Which Joe gave his name to ‘sloppy joes’? We look at five interesting sandwiches and their lexical origins.
A note given to an employee when they have been paid, detailing the amount of pay given, and the tax and insurance deducted.
- ‘First there's the office, otherwise known as the bedroom floor, where all bills, mortgage statements and payslips can be placed.’
- ‘They will see a new employers' name on their payslips and a new name on headed notepaper and signage around buildings.’
- ‘During the 1977 strike, firemen recall the police waving their overtime payslips in front of the picket lines.’
- ‘Many employers operate group schemes and deduct the contribution from the employee's payslip.’
- ‘I found something that looked like a payslip for one of my neighbours.’
- ‘The immigration officials require payslips and proof of work.’
- ‘I'm not great at looking at my own payslips or personal bank statements, but none the less I am not reckless with my money.’
- ‘Payroll software must allow employers to print the employees' payslips on customised forms or on A4 paper.’
- ‘The Claimant's payslips referred to his ‘total gross pay to date’.’
- ‘Most institutions will accept a photocopy of a payslip, a P60 or a letter from your employer with your PPSN number on it.’
- ‘I've sent every document you can think of - payslips, my old passport, tax forms, employers' letters.’
- ‘Her mother knows how much Grace earns because she opened her first payslip to find out.’
- ‘Even better, it allows me to look at all of my past payslips and my pension payments.’
- ‘Next, gather together all your latest statements, bills, receipts and payslips and then create a Statement of Affairs.’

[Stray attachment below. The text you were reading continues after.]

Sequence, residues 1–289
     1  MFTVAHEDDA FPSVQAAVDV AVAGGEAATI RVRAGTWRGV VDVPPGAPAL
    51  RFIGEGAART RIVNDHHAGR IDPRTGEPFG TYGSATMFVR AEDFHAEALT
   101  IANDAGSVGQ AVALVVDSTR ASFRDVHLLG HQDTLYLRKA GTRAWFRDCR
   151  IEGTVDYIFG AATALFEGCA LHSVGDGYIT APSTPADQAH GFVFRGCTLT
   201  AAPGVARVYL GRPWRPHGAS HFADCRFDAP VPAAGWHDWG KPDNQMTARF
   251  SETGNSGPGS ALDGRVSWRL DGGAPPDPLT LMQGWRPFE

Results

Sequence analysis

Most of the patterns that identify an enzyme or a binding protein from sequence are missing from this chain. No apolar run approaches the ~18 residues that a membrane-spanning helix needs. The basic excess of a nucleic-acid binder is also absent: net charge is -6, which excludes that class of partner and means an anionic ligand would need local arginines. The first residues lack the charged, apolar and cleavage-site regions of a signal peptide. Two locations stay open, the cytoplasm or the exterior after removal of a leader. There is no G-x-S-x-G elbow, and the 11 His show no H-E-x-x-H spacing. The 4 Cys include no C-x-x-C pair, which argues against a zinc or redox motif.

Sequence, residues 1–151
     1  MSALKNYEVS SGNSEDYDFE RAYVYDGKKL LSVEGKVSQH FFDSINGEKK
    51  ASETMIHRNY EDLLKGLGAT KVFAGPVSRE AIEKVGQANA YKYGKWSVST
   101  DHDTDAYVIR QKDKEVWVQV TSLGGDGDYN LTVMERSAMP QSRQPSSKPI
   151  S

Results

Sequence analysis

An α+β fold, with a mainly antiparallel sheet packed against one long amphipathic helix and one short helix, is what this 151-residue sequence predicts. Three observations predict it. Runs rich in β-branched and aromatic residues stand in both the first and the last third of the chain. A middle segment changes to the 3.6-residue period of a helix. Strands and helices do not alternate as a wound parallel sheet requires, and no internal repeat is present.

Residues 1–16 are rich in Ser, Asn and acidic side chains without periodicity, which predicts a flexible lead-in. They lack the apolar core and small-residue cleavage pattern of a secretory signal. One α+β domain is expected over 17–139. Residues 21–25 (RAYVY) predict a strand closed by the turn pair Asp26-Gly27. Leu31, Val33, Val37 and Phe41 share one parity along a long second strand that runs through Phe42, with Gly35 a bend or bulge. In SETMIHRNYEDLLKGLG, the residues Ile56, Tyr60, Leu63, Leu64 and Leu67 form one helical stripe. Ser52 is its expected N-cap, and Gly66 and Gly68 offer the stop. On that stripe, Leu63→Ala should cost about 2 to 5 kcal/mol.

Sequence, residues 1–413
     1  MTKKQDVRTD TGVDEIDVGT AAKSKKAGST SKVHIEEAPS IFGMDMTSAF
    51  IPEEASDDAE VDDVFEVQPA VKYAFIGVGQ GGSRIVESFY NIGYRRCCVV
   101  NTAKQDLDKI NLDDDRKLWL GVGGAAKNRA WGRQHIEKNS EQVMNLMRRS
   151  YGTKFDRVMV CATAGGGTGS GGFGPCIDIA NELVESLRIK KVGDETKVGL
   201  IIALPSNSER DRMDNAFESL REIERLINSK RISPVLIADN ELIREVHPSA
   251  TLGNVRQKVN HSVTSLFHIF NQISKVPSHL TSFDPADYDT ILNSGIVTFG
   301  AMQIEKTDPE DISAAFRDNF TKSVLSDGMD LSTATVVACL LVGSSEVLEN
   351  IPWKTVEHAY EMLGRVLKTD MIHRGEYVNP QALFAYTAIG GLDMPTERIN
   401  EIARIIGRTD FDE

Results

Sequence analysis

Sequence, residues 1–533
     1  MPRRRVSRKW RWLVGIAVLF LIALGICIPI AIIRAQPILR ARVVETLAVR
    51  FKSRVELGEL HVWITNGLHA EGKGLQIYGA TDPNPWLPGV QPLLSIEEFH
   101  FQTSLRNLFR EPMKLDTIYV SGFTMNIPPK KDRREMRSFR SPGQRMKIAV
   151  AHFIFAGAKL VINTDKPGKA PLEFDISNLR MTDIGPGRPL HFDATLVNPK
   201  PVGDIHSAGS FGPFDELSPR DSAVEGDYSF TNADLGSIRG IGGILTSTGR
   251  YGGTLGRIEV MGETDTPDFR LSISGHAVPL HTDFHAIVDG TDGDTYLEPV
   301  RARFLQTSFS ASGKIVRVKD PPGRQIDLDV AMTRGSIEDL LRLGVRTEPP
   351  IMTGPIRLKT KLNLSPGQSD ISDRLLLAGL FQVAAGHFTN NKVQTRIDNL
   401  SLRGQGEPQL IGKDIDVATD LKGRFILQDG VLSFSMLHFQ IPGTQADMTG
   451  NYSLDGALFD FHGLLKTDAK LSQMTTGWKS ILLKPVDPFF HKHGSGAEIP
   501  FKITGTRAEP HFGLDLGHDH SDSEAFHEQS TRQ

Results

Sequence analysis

- ‘These extra pension payments are easy to arrange, as the money is taken directly from your pay and will appear on your payslip.’
- ‘You simply put in any adjustments such as overtime or commission, then push a couple of buttons, and a payslip with the correct net amount is produced.’
- ‘Problems include overpayments, underpayments and incorrect bank account details appearing on payslips.’
- ‘A senior official, at this late hour, demanded our past month's payslips stating that we receive pensions at this paypoint.’
- ‘The paperwork was difficult and filled with value judgements - how long do you need to keep payslips for a job you left four years ago?’
- ‘Letters have just gone out with our payslips informing us of our annual pay increase.’
We take a look at several popular, though confusing, punctuation marks.
From Afghanistan to Zimbabwe, discover surprising and intriguing language facts from around the globe.
The definitions of ‘buddy’ and ‘bro’ in the OED have recently been revised. We explore their history and increase in popularity.